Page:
Featured Research

from universities, journals, and other organizations

Strong support for nurse and pharmacist prescribing found in UK study

Date:
May 10, 2011
Source:
University of Southampton
Summary:
Greater powers introduced by the UK government to enable specially trained nurses and pharmacists to prescribe medication in England have been successfully adopted, according to a new report.

Greater powers introduced by the UK government to enable specially trained nurses and pharmacists to prescribe medication in England have been successfully adopted, according to a new report.

Health service researchers from the universities of Southampton and Keele found widespread acceptance of the new powers among patients and that prescribing practices were safe and appropriate for the type of medical conditions being treated.

The Department of Health-funded report, published May 10, 2011, gives a national 'snapshot' of how successfully nurse and pharmacist prescribing is being used in primary care trusts, GP surgeries and hospitals.

"This study is the first national evaluation of independent prescribing by nurses and pharmacists since legislation in 2006 enabled nurses and pharmacists to independently prescribe across an extensive range of medicines. Our research shows that the practice is becoming a well-integrated and established means of managing a patient's condition," comments Sue Latter, professor of nursing at the University of Southampton, who led the study.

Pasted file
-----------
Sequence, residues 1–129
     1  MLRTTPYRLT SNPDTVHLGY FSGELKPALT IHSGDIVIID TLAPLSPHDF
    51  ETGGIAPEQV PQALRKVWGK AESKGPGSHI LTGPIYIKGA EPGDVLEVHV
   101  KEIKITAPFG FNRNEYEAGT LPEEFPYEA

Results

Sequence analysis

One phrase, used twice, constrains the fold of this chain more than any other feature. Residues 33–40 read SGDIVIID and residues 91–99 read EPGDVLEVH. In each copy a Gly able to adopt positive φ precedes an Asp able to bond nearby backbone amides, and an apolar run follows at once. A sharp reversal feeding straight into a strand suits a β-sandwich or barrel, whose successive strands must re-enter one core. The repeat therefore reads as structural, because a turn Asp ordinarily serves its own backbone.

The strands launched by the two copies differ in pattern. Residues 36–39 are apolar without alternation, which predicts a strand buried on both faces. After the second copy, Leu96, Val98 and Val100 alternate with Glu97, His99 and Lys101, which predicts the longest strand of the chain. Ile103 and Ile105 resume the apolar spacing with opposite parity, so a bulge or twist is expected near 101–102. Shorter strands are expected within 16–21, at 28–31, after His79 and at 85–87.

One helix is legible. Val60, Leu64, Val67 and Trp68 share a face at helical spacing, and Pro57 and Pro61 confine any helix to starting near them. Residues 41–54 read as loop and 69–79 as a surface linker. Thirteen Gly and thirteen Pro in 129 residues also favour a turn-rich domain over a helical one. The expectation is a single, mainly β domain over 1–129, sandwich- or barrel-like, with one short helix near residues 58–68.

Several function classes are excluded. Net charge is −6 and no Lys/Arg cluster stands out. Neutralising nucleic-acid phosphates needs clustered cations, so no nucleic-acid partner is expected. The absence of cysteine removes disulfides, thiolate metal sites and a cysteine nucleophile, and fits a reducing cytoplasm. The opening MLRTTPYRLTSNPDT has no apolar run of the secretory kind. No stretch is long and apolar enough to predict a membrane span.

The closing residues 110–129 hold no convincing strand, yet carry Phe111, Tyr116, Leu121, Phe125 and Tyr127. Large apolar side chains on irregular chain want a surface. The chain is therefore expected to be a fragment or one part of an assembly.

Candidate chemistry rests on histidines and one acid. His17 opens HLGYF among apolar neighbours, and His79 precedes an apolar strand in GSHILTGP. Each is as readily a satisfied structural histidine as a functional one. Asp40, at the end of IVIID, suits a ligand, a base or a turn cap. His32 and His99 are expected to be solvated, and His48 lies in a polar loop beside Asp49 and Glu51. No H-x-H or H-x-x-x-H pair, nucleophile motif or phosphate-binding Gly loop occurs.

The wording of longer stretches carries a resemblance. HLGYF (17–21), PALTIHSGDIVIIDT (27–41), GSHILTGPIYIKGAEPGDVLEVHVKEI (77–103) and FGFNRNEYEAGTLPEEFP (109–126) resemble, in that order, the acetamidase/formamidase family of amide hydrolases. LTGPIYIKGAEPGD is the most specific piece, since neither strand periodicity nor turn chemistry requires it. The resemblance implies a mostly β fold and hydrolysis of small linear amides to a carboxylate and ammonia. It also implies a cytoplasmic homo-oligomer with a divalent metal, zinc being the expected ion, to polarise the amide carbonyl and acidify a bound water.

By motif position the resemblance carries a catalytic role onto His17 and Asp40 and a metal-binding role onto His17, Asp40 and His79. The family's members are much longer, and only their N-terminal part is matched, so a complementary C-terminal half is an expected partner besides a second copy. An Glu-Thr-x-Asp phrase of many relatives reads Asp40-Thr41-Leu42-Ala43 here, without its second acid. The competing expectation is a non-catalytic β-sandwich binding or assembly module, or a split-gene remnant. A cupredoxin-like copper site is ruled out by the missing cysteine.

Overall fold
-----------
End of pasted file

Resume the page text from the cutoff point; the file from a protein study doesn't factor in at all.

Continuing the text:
"We were also able to highlight areas to the government where expansion of non-medical prescribing could strengthen NHS services in order to meet health care needs of the future."

The legislation, which gave experienced nurses and pharmacists powers to prescribe medication to patients, was viewed by some as controversial when it was introduced in 2006. Specially trained nurses and pharmacists in England are now able to manage all aspects of a patient's treatment including diagnosis, prescription and monitoring, without supervision by a doctor.

"Our research shows that nurse and pharmacist independent prescribers are now making a substantial contribution to patient care which is safe and of good quality," says Alison Blenkinsopp, professor of the practice of pharmacy at Keele University.

"Commissioners of healthcare can use our findings to make the most effective use of nurse and pharmacist prescribing when they are commissioning services."

The report also found that:

  • 86 per cent of nurses and 71 per cent of pharmacists are using their new powers after training as a prescriber.
  • Most nurses and pharmacists are prescribing in a primary care setting, with substantial numbers also in secondary care settings, such as hospitals.
  • Most patients did not mind whether they received care from a nurse, pharmacist or a doctor.
  • Enabling non-medical prescribing to develop further, by additional training of nurses and pharmacists to treat patients with more than one medical condition, could improve patient care and efficiency in the health service.

Story Source:

The above story is based on materials provided by University of Southampton. Note: Materials may be edited for content and length.